Figure 6D up there is a simplified image for a patent that Google just secured in the modern fight against spoilers. According to Quartz, the concept for the program would be to track shows and movies you’re interested in and block out potential spoilers in social network posts. You’d get a blurred post with a warning , which makes this hopefully forthcoming product the scalpel version of what most people do now: apply blunt-force blocks, mute specific users or simply end friendships because caring interaction just isn’t worth the risk that you’ll hear who dies on Game of Thrones before you get caught up.
To be clear, Google hasn’t confirmed whether this anti-spoiler app will get made or not. It’s merely one concept of many, and because it’s in the earliest phases of development, there’s no word on how or where it would be deployed. If it’s only available on Google+, it won’t be all that useful since people naturally avoid spoilers on Google+ by avoiding Google+ altogether.
It would be welcomed with ticker tape on Twitter and Facebook, though. There are monsters out there who take joy in spoiling stories for other people, and there are soulless types who don’t mind being spoiled (heathens!), but for those of us who overthink the worth of purity in the act of consuming a story, the internet poses the greatest minefield conceivable.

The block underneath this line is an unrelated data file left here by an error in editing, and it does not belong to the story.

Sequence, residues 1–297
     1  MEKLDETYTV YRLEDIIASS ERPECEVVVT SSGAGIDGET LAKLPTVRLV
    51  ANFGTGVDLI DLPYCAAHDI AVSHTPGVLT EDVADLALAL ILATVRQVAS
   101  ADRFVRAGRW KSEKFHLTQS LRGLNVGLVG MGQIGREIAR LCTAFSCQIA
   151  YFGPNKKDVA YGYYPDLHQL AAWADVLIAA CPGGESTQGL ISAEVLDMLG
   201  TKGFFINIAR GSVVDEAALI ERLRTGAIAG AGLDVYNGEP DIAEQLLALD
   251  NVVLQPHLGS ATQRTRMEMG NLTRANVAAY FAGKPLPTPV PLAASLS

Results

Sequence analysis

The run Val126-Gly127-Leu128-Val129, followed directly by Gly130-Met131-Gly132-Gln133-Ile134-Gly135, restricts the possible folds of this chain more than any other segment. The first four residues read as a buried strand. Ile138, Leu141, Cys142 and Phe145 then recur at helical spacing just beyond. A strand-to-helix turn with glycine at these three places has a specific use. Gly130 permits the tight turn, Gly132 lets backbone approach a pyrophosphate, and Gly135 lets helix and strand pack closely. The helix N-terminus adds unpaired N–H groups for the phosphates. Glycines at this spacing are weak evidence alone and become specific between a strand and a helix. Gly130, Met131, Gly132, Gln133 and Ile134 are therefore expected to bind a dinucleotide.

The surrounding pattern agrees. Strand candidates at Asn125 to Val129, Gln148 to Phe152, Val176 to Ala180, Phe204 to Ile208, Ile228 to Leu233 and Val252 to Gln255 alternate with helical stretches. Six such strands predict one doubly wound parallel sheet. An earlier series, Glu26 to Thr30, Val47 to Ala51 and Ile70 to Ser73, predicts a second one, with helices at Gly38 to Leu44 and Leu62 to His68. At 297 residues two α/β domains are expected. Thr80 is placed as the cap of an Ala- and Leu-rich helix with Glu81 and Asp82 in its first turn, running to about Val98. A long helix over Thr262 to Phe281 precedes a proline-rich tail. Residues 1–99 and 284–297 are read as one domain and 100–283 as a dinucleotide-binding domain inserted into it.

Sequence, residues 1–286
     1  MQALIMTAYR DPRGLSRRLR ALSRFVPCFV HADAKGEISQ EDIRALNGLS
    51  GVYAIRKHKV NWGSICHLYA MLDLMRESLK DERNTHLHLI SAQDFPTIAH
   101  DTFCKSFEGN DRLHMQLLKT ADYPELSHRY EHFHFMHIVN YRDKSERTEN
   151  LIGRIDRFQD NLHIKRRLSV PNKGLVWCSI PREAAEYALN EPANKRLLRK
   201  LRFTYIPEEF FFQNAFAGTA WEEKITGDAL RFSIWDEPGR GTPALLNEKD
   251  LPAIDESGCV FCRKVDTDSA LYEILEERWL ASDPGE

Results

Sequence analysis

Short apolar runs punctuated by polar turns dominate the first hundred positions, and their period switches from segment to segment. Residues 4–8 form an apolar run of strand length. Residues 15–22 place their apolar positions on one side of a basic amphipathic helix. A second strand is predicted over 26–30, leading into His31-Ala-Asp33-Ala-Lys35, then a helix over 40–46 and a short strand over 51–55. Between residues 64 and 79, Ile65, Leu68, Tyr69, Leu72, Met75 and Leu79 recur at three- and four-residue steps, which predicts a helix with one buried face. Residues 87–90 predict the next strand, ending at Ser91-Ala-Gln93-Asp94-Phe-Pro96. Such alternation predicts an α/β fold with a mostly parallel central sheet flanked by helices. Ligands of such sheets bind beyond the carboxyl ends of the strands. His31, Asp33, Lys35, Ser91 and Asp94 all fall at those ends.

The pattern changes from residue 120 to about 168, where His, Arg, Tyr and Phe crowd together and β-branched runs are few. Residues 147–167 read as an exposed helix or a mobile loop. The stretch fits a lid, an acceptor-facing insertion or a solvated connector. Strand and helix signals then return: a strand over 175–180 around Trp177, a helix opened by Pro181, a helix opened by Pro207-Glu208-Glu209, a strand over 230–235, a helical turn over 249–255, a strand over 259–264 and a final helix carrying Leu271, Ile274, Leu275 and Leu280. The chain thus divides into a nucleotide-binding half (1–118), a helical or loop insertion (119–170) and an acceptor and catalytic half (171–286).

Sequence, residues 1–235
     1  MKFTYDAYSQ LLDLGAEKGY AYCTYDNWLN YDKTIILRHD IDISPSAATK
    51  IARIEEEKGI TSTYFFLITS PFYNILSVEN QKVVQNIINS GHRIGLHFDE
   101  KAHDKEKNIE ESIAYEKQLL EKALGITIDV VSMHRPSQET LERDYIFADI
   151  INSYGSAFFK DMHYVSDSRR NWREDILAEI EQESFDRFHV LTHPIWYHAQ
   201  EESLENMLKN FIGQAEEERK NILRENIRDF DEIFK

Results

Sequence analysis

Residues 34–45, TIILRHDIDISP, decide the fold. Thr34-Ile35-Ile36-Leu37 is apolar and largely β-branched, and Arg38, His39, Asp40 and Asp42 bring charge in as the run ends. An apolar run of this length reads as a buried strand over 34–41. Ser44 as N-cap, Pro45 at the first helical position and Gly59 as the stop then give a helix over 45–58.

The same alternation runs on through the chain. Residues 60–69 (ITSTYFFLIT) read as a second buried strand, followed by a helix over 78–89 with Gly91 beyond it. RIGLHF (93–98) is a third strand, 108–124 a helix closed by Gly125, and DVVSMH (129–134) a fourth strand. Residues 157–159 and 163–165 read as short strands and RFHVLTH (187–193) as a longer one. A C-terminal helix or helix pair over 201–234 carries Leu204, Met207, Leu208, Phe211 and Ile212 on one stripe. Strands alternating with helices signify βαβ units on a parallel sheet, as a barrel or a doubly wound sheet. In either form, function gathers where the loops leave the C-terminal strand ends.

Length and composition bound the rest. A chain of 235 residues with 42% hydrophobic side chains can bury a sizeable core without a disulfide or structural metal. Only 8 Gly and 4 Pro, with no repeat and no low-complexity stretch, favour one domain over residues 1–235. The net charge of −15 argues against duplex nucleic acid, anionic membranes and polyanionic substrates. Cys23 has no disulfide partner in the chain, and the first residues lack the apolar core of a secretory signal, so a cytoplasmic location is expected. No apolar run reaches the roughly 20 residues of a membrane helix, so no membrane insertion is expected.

Unfortunately, it’s also hard to imagine exactly how something like this would function. At least the challenges to the developers are real.
For example, if I’m having a lengthy conversation with several people on Twitter, and one of them makes a reference to Jon Snow being Luke’s father, will a vague warning pop up? Will it explain that it’s for Game of Thrones or leave me wondering what’s being spoiled? How will it know that I care about Game of Thrones? Will my entire feed be a giant blur covered in spoiler warnings?
And even if it works, imagine how synchronized you’d have to be on all the shows you like. Not to mention the ones that you’re merely potentially interested in. I’m guessing the only way to make this work well is to have Netflix, Hulu, Amazon Plus and an independent Google list connected to your Spoil Blocker account so that it knows when you’ve watched the third episode of the fourth season of LOST.
But those hurdles are for the programmers to jump. The ultimate goal of creating a seamless tool that lets us unthinkingly sidestep premature information is a worthy one. Please, Google, save us from spoiler hell and muted friendships.
Related Topics: Spoilers